Theresa May tries to reassure EU leaders’ summit on Brexit

Tusk asks British prime minister to clarify hard-Brexit comments at party conference

British prime minister Theresa May talks with European Commission president Jean-Claude Juncker at the European Union leaders summit in Brussels also attended by Taoiseach Enda Kenny, seen on the right. Photograph: Stephane de Sakutin/AFP/Getty Images

British prime minister Theresa May talks with European Commission president Jean-Claude Juncker at the European Union leaders summit in Brussels also attended by Taoiseach Enda Kenny, seen on the right. Photograph: Stephane de Sakutin/AFP/Getty Images

 

Theresa May sought to reassure European Union leaders on Thursday night about her approach to Brexit, as European Council president Donald Tusk asked her to clarify remarks she made to the Conservative party conference this month.

Some of her EU counterparts were alarmed by the prime minister’s apparent backing for a “hard Brexit” that would prioritise controlling immigration over remaining part of the European single market, and with the European Court of Justice having no jurisdiction in Britain.

At the start of the two-day summit in Brussels on Thursday, her first since becoming prime minister, Ms May criticised the decision of the other 27 EU member-states to hold some meetings without Britain.

Irish Minister for European Affairs Dara Murphy said that, although the European Council should not meet without Britain as long as it is in the EU, other formations were necessary.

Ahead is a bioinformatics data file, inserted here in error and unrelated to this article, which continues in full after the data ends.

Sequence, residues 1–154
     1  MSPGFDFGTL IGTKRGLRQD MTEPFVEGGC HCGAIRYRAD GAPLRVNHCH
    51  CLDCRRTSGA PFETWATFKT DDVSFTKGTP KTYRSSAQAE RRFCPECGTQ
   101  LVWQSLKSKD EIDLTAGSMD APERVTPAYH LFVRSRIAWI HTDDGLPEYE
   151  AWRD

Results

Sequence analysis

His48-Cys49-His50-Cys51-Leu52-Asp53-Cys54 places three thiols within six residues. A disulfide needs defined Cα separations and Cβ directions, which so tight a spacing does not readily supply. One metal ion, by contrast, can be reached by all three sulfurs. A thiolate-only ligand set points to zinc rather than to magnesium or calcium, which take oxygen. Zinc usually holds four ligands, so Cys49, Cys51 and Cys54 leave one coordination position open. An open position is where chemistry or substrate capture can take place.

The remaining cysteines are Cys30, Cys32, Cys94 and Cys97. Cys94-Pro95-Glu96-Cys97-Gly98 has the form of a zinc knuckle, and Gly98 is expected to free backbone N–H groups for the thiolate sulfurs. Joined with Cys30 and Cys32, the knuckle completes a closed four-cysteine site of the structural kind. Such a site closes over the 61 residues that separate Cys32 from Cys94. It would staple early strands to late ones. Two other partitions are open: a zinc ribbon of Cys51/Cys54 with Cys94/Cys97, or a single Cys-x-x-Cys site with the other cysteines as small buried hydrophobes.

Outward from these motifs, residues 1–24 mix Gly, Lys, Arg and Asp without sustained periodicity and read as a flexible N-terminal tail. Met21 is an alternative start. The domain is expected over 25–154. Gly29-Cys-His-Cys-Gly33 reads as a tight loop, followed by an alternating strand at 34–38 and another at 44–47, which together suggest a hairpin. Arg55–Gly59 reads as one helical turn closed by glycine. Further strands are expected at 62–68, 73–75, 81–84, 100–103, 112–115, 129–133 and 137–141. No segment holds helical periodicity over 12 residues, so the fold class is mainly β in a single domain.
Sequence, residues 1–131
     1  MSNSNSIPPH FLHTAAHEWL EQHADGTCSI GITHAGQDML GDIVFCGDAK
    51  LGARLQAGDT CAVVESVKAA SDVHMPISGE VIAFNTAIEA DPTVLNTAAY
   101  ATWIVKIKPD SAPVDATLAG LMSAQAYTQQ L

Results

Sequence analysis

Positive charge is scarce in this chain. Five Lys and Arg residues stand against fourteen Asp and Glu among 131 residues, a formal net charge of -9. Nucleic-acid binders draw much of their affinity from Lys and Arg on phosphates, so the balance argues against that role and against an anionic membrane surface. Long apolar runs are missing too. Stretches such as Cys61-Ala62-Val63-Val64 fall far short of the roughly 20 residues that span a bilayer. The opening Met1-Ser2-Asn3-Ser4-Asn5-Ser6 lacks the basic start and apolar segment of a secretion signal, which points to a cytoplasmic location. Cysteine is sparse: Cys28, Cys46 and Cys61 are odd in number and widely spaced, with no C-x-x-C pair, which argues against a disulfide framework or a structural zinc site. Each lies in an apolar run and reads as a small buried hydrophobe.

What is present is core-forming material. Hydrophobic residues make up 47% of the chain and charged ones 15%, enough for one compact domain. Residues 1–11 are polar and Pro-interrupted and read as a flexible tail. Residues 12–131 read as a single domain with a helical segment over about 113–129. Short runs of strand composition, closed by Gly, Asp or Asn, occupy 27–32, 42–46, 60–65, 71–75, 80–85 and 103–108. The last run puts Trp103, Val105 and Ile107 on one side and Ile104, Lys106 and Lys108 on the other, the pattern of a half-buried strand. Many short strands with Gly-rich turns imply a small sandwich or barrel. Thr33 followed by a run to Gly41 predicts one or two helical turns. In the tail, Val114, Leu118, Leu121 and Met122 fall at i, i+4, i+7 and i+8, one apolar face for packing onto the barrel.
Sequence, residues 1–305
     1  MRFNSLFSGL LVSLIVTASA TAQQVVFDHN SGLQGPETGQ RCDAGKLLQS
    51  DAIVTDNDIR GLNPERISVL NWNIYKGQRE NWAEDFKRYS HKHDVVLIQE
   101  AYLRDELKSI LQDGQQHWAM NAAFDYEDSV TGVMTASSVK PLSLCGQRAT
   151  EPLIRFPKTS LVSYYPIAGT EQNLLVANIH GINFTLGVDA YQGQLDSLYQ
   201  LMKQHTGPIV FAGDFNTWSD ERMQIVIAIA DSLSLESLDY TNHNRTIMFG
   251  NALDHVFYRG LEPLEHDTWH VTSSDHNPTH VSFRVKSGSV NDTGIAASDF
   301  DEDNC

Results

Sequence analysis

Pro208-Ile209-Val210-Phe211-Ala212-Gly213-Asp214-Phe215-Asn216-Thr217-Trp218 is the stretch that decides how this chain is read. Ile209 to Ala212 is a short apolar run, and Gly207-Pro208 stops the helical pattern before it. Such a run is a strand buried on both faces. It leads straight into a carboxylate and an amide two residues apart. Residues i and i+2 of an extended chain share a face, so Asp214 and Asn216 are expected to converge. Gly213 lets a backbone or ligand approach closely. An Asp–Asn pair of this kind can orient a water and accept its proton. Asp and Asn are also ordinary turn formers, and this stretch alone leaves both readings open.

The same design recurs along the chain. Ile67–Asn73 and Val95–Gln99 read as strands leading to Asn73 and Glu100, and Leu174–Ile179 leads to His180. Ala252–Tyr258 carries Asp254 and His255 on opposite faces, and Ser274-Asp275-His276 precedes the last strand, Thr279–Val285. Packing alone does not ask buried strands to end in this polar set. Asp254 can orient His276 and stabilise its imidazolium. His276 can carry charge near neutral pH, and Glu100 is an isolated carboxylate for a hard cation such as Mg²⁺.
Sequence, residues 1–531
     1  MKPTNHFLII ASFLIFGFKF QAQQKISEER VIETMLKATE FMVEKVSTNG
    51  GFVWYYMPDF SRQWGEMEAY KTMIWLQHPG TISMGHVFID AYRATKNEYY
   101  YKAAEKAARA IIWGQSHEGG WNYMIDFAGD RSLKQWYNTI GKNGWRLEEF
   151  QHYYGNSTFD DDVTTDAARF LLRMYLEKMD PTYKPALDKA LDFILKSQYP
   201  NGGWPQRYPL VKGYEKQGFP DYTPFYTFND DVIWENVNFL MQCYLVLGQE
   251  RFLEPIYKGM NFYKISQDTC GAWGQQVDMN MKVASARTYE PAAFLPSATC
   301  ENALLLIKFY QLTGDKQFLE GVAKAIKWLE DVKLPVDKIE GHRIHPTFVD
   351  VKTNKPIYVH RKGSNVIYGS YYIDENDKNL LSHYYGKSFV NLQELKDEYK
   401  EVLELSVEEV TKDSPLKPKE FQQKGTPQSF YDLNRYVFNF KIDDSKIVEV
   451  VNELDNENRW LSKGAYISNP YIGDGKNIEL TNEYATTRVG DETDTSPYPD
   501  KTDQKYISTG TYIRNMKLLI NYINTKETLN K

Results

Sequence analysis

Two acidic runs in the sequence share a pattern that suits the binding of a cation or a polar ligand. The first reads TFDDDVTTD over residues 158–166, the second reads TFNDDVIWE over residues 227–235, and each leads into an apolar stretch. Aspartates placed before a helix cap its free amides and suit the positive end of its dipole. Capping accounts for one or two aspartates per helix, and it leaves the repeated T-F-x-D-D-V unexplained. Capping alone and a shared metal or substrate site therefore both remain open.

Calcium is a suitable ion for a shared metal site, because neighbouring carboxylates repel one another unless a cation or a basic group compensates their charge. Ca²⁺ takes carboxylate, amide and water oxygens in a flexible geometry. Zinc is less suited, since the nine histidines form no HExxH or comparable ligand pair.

“It’s my personal view that there must be meetings of the 27. This has been compared to a divorce and the decision to leave the EU was one taken by the British people. We didn’t want them to do it,” he said.

Mr Murphy said he could envisage other formations, such as the 27 remaining member-states and the three non-EU members of the European Economic Area – Norway, Iceland and Liechtenstein.

Single market v immigration

In her speech to the party conference in Birmingham, Ms May ruled out adopting models such as those of Norway and Switzerland, which are outside the EU but have full access to the single market and allow freedom of movement for EU citizens.

Tusk discouraged other leaders from engaging in a discussion of Brexit on Thursday night but French president François Hollande struck a defiant tone on his way into the meeting.

“I have said it very clearly: if Theresa May wants a hard Brexit, then talks will be hard too,” Mr Hollande said.

Downing Street said that Ms May’s intention at the summit was designed to establish a constructive tone in advance of the start of formal exit talks early next year.

The European Commission and European Council have ruled out any informal talks before the start of formal negotiations, which Ms May said would begin no later than the end of March next year. Some other EU leaders want Britain to start the process earlier, by invoking article 50 of the Lisbon Treaty as early as January.

An Ipsos Mori poll published on Thursday found the British public divided over what to prioritise in Brexit negotiations – 45 per cent think Britain should prioritise access to the single market, while 39 per cent said controlling immigration is more important.

Gideon Skinner, head of political research at Ipsos Mori, said opinion is largely split along the lines of how specific groups tended to vote in the referendum.

“Four months on from the referendum and the public are still split over single market access vs immigration control, with little sign of those on either the Remain or Leave sides changing their minds. This is only going to make Theresa May’s task to get a negotiation that satisfies everyone even harder,” he said.